Tuesday, August 23, 2005

There ain't nothin' like a DRAAAAIIINNNN....

Sunday afternoon. I thought I'd have a few minutes to chart, having just opened my patient's lumbar drain. It takes thirty minutes to drain ten cc's on her, to I figured I'd just hop down to the station, enter a few orders, and hang out for twenty minutes or so.

Then the call bell rang.

"I have the worst headache ever" said the voice on the other end. "Worst headache ever" is a klaxon to a neuro nurse; it usually means something like a hemorrhage or herniation. And it was my patient who was complaining.

So off I trotted to see what the problem was. I found her sitting up in bed, at about a forty-five degree angle, with her hands pressed to her forehead.

Her lumbar drain was still open.

Now, then. A lumbar drain is a small, flexible, hollow catheter connected to a measuring device and a collection bag. You'd get one if you had a cerebrospinal fluid leak from somewhere in the whole brain/spinal cord complex. Basically, the premise is this: if you have a leak up high, we take some of the fluid off down low, so as to reduce the overall fluid pressure and allow the leak to close up.

Unfortunately, gravity is not your friend with these devices. The patient with a lumbar drain must remain flat and quiet while the drain is open, lest too much CSF drain out and remove the cushion that your brain depends on to stay in place.

My patient had gotten out of bed, walked to the bathroom and peed, then come back and sat up in bed. In ten minutes she'd drained five times what she normally would drain in a half-hour.

It was the first time she'd forgotten about the drain being open and I can guarantee that it'll be the last.

So I closed the drain, flattened out her bed, upped her IV fluids, and handed her the soda on the table. "Drink this," I said, "the caffeine will help." As soon as I had shot her up with some morphine I called the resident to let her know what had happened.

An hour later, when the headache had subsided, the patient asked me why it had been so bad. What could I say?

"Your brain was trying to migrate down into your chest" was the only reasonable way of putting it.


Anonymous said...

Holy crap!

I've never seen a lumbar drain. Sounds pretty cool (as long as the patient lays flat). ;)

shrimplate said...

There is a lesson in this which we can all learn from, and it is that generally speaking your vital organs are best off in their original locations and positions. Brain in head, heart/lungs in chest, etc.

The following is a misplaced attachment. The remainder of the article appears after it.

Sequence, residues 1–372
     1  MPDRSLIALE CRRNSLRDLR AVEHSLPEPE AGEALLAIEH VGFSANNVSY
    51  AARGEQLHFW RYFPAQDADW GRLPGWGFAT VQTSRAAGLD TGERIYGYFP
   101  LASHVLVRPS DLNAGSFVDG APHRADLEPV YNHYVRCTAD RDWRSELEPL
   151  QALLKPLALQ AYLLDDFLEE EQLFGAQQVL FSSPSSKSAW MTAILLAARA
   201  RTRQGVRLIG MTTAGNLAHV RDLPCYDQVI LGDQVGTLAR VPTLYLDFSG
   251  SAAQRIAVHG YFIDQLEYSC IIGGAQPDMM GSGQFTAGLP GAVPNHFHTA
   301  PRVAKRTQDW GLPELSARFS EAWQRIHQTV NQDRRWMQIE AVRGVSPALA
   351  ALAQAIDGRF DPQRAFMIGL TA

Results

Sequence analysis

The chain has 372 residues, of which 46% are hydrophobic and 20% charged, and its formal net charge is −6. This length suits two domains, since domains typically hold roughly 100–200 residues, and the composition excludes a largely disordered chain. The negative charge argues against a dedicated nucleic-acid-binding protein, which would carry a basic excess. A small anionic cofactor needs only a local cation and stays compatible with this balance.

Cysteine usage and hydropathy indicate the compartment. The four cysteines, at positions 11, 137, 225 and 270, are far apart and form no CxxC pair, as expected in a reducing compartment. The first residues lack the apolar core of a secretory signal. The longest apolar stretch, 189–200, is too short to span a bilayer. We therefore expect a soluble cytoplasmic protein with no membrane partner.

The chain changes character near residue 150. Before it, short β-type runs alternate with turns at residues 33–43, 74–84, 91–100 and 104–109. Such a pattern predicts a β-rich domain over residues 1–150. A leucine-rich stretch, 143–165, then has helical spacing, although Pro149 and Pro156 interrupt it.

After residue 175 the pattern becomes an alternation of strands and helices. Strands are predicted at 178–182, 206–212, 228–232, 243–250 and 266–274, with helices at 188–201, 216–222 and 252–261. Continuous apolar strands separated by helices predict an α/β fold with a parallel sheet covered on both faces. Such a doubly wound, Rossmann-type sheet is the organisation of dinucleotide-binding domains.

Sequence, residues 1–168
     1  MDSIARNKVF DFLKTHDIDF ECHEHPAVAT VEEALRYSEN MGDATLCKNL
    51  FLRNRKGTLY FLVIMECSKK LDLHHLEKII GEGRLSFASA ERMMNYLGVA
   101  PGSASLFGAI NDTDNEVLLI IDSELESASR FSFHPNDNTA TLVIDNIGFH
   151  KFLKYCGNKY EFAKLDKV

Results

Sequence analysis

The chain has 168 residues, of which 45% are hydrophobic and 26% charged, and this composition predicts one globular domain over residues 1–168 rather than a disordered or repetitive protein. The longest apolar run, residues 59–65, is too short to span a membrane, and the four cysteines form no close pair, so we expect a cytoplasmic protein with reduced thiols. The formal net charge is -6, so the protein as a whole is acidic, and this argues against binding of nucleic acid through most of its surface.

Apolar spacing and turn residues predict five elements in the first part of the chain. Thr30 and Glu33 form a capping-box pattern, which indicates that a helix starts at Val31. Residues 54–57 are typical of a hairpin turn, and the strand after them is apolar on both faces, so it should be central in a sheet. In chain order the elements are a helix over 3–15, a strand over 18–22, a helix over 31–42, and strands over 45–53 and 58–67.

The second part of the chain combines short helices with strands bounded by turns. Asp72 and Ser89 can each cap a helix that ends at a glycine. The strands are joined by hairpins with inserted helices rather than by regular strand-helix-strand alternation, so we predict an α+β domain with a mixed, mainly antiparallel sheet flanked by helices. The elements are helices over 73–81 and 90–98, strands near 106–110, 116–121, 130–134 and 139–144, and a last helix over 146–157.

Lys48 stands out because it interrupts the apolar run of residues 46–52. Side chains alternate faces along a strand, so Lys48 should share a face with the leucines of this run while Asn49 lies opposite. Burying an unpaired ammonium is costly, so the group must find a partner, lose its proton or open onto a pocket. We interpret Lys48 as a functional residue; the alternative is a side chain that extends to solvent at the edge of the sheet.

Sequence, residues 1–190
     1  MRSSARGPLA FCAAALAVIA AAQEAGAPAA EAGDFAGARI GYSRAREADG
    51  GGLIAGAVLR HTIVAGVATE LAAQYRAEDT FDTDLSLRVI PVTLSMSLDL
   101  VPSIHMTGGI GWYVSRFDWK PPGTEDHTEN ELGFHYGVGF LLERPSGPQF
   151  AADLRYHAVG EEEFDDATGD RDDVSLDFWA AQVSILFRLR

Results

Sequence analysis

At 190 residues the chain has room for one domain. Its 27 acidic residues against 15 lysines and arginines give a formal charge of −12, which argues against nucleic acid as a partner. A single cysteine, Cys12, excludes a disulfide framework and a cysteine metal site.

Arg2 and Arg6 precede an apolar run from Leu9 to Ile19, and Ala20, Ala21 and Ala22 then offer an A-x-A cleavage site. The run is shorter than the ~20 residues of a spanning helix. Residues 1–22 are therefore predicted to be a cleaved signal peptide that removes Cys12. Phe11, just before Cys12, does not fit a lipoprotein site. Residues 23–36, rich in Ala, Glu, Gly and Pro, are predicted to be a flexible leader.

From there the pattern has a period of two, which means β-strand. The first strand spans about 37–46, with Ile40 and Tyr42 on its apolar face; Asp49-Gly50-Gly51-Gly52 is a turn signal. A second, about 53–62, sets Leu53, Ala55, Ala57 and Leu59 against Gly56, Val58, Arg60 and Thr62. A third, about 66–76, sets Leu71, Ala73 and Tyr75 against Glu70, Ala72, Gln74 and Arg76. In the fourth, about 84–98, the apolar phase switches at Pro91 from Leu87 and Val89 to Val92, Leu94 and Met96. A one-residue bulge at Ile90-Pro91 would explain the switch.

Just moving them about even a wee little bit can screw you up enormously.

beajerry said...

You would think they would've remembered about the drain being open as as soon as they sat up!

The new Third Degree Nurse said...

My God, that's scary. One of my profs had a spinal fluid leak. He knew it was leaking because he's a Phys prof and just had a test procedure done for suspected meningitis. Long story short: he was driving on the freeway trying to get to the hospital with his spinal fluid leaking and his head aching unbelievably.

Anonymous said...

I had a lumbar drain back in August of 2005. I had a bad motorcycle accident in July and after several weeks, spinal fluid continued to leak out of my ear due to two fractures in my right temporal lobe. It took a couple days for the nurses to figure out how many cc's and how often they could drain, and once they did, I was relatively ok. Until I got the nurse from hell! She opened the drain and left the room. She had me draining for over 30 minutes (when in my chart it was very clear that I was better off with having a drain every hour at no more than 19 cc's) She drained almost 40 cc's from me and I kept pressing the button to get the nurse to come back in. I was in such pain it was indescribable. It almost felt like my head was imploading. I was in ICU for two weeks, but after it was all done, it fixed the spinal fluid leaking from my ear and I've basically recovered. I lost hearing in my right ear, vision in my right eye and I can't smell anything anymore...but all things considered, since I wasn't wearing a helmet and I flipped my motorcycle...I'm very very lucky.